« Reply #271 on: December 10, 2013, 08:21:11 AM »
Free food photography course

https://www.udemy.com/basic-food-photography/

Coupon FREEDAY

Offline Let3

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Re: Learn Photography Master Thread
« Reply #272 on: December 10, 2013, 12:37:38 PM »
So I just got my dslr (thanks something fishy :)  )
And just had my sons pidyan haben yesterday!

My wife would like to now take some portraits of our cutee ...
I know it's way down on your list - portraits for newborns- but maybe you can give me some short tips,
As idk if hell still be a newborn by the time you get there :)

Offline Something Fishy

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Re: Learn Photography Master Thread
« Reply #273 on: December 10, 2013, 02:07:26 PM »
So I just got my dslr (thanks something fishy :)  )
And just had my sons pidyan haben yesterday!

My wife would like to now take some portraits of our cutee ...
I know it's way down on your list - portraits for newborns- but maybe you can give me some short tips,
As idk if hell still be a newborn by the time you get there :)

OK - some short and sweet tips:

1) Make sure he's in a good mood. After a feeding, after a nap. It's a simple thing that many people forget.

2) Get close. Shoot closeups and lots of details. Face, hands, feet.







Remember when you get close to not simply move the camera closer. Rather use the longest setting on your zoom and back up if needed. This is due to something called lens distortion and compression which I'll cover in detail in due time. But for now look at these examples and you'll see why you should do that.

I couldn't find any pictures to illustrate this at the moment, so for now these creepy pictures of my wife's shaitel head will have to suffice :P. The first picture was taken at 24mm full frame (Just about 18mm on an APS-C camera such as an NEX), while the second picture was taken at 85mm (similar to 55mm on APS-C). Note that while both pictures show the exact same view, in the first one the entire face distorted. The chin, nose, and forehead are all stretched out, while the lips appear to grow the further right you go. All I did to the second picture is use a longer lens and back up a bit - but now, instead of being grotesque, the entire face is rendered in a very flattering way.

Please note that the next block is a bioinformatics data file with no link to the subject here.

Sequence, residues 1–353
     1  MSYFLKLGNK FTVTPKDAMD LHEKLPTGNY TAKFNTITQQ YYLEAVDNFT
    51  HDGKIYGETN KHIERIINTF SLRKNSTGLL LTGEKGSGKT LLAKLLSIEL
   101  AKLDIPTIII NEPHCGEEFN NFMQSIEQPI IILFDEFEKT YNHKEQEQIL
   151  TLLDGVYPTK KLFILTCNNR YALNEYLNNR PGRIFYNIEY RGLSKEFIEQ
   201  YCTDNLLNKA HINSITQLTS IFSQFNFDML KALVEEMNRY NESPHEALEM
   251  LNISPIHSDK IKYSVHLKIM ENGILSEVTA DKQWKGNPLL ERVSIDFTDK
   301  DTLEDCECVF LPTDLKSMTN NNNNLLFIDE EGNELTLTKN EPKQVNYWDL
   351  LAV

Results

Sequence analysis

3) Use soft light. Babies are soft and round, so the light should match. No flash or harsh fluorescent lighting. Use the biggest window you have, preferably one facing north. If the window faces east or wast the light will be harsher, so diffuse the light by either draping a white bed sheet over the window (a white shower curtain works well too), or if you have them, draw the thin white curtains.

If you do this, you may find that the far side (away from the window) is slightly dark. Hold up a white pillowcase or blanket to bounce some light back. Anything white would really work for this, even oaktag or something similar.

The first picture is straight-up window light - notice how her hair is very dark with hardly any detail to it. In the next picture I had someone hold up a white blanket - it bounced just enough light back to open up the shadows and bring out the detail.